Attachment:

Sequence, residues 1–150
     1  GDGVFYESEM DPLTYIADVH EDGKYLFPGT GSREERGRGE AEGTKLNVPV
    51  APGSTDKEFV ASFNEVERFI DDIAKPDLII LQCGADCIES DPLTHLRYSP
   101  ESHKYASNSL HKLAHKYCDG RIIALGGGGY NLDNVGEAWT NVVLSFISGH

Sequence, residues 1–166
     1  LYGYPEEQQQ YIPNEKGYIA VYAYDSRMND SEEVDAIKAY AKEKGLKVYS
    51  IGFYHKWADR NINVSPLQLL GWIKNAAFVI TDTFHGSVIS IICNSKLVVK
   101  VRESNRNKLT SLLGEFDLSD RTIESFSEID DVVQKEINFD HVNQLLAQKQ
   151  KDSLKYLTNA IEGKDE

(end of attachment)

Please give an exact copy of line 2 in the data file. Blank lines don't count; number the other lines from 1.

     1  GDGVFYESEM DPLTYIADVH EDGKYLFPGT GSREERGRGE AEGTKLNVPV